As the COVID-19 pandemic rages on, researchers have puzzled over several mysterious viral outcomes. Infections are severe in some people yet mild or even asymptomatic in others, and many have reported long COVID, in which COVID-19 related health problems last four or more weeks after infection. Yale undergraduate Eric Wang (YC ’21) worked alongside members of the Ring and Iwasaki labs to study the relationship between autoantibodies and COVID-19.
Generally, we consider antibodies to be illness protectors. Autoantibodies, in contrast, may cause harm. “They are antibodies that target proteins expressed by your body’s own cells,” Wang said. They can trigger the killing of specific helpful immune cells and disrupt general immune system communication.
Using samples from Yale New Haven Hospital patients and healthcare workers, Wang and the research team tested blood reactivity with 2,770 human extracellular secreted proteins. They selected a few examples of autoantibodies and performed in vitro signaling assays, later assessing their effect on disease progression in mice. They found that autoantibodies targeted cytokines, chemokines, and various cell surface protein receptors, potentially altering disease trajectory.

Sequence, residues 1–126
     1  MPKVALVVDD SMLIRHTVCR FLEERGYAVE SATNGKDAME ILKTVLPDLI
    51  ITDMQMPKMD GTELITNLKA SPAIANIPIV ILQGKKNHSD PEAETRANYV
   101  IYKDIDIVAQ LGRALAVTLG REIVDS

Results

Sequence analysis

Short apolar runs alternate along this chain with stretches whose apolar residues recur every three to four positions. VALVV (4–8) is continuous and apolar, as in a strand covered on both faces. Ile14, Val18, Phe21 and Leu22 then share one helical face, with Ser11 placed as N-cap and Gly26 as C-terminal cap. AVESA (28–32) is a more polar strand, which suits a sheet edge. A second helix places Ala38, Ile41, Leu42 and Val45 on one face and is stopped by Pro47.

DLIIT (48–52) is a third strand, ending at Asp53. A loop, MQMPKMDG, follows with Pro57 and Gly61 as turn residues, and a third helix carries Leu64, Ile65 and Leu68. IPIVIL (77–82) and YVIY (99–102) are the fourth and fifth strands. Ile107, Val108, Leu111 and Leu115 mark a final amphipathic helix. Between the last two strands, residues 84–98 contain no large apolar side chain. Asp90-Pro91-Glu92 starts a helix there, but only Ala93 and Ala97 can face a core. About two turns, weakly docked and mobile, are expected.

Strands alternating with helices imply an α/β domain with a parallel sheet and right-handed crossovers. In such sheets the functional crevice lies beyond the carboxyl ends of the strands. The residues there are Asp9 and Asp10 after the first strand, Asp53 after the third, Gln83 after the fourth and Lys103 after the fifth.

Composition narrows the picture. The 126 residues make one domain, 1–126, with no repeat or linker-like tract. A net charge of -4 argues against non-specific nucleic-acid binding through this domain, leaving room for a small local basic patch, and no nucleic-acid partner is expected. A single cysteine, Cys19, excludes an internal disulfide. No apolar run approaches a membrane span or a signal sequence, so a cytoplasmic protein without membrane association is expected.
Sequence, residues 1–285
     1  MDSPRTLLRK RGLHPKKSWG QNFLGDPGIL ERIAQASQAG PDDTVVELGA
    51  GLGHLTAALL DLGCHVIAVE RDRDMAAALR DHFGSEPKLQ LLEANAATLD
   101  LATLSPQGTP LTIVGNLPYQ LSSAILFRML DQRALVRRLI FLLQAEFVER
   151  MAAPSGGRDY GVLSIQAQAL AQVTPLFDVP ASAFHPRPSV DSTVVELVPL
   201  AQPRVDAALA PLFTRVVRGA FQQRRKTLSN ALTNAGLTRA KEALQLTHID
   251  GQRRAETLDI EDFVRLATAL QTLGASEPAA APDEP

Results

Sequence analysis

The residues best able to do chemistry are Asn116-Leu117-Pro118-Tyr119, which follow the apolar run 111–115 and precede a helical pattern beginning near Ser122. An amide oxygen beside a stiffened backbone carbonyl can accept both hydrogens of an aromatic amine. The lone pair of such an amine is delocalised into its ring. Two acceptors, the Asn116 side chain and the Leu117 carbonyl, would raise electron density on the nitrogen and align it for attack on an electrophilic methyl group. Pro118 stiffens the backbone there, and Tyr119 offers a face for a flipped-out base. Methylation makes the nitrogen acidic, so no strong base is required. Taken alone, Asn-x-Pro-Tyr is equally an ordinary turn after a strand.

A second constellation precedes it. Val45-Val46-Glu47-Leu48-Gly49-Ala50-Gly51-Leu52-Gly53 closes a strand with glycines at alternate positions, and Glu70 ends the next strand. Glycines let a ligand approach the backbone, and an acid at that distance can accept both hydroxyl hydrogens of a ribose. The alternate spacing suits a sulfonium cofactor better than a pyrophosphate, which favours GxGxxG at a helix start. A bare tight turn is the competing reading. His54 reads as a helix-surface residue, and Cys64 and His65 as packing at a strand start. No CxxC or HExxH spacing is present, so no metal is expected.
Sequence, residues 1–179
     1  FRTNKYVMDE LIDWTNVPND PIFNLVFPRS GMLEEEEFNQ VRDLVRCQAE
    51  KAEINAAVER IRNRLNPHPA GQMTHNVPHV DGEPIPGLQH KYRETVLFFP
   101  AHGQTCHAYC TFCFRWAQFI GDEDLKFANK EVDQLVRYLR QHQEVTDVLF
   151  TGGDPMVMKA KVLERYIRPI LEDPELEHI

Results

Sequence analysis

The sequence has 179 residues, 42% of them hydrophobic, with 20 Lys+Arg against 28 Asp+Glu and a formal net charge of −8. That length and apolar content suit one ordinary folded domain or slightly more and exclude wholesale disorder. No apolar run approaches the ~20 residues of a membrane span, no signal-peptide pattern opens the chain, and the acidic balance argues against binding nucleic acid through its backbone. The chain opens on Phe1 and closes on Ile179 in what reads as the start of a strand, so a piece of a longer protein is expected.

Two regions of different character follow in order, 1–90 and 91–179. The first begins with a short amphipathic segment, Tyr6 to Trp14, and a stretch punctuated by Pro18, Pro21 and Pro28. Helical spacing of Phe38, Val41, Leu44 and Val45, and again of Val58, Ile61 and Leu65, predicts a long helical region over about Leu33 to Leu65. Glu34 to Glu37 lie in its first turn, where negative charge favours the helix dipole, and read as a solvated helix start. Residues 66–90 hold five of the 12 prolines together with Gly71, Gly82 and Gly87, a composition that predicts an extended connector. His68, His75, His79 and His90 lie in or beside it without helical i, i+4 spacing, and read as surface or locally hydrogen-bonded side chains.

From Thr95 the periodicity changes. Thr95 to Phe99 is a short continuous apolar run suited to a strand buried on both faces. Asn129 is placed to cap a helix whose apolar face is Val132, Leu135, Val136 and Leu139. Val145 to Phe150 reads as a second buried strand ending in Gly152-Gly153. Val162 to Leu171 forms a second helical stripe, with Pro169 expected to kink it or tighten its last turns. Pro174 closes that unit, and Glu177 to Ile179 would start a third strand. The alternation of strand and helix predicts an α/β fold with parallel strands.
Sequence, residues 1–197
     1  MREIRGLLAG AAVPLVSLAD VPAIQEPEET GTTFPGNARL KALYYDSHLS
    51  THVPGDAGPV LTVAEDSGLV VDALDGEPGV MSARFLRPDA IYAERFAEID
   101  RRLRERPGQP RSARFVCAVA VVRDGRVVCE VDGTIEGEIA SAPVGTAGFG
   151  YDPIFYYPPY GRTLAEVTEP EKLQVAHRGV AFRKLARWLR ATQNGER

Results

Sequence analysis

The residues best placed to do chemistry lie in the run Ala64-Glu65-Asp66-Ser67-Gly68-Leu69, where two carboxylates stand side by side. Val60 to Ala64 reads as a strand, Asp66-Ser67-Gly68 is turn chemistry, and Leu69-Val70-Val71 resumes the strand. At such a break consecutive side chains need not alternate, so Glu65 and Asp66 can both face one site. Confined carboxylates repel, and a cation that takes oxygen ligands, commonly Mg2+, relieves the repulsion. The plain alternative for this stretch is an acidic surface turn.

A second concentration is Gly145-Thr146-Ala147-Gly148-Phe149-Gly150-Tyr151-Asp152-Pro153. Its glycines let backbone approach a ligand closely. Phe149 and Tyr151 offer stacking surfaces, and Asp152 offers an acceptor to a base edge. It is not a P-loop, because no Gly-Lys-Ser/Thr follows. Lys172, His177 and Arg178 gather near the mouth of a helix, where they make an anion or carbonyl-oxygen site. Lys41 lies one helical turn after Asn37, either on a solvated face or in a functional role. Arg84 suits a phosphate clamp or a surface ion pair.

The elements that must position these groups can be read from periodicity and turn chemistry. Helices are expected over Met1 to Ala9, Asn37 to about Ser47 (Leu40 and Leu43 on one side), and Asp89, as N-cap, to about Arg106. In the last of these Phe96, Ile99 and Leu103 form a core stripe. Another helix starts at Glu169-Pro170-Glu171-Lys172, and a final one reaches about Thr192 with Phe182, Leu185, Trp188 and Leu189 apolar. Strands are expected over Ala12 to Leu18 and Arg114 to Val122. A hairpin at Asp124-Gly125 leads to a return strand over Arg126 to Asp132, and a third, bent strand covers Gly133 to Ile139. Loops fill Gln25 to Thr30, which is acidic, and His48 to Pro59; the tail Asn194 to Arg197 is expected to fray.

“A lot of the symptoms and reasons people go to hospitals are due not to the virus itself, but the body’s response to the virus. For example, an overactive immune system has been implicated in a lot of COVID-19 hospitalizations,” Wang said. These autoantibodies may also be linked to long COVID symptoms.
With this new knowledge that autoantibodies may be risk factors for more serious COVID-19 outcomes, physicians may incorporate autoantibody screening in their practice.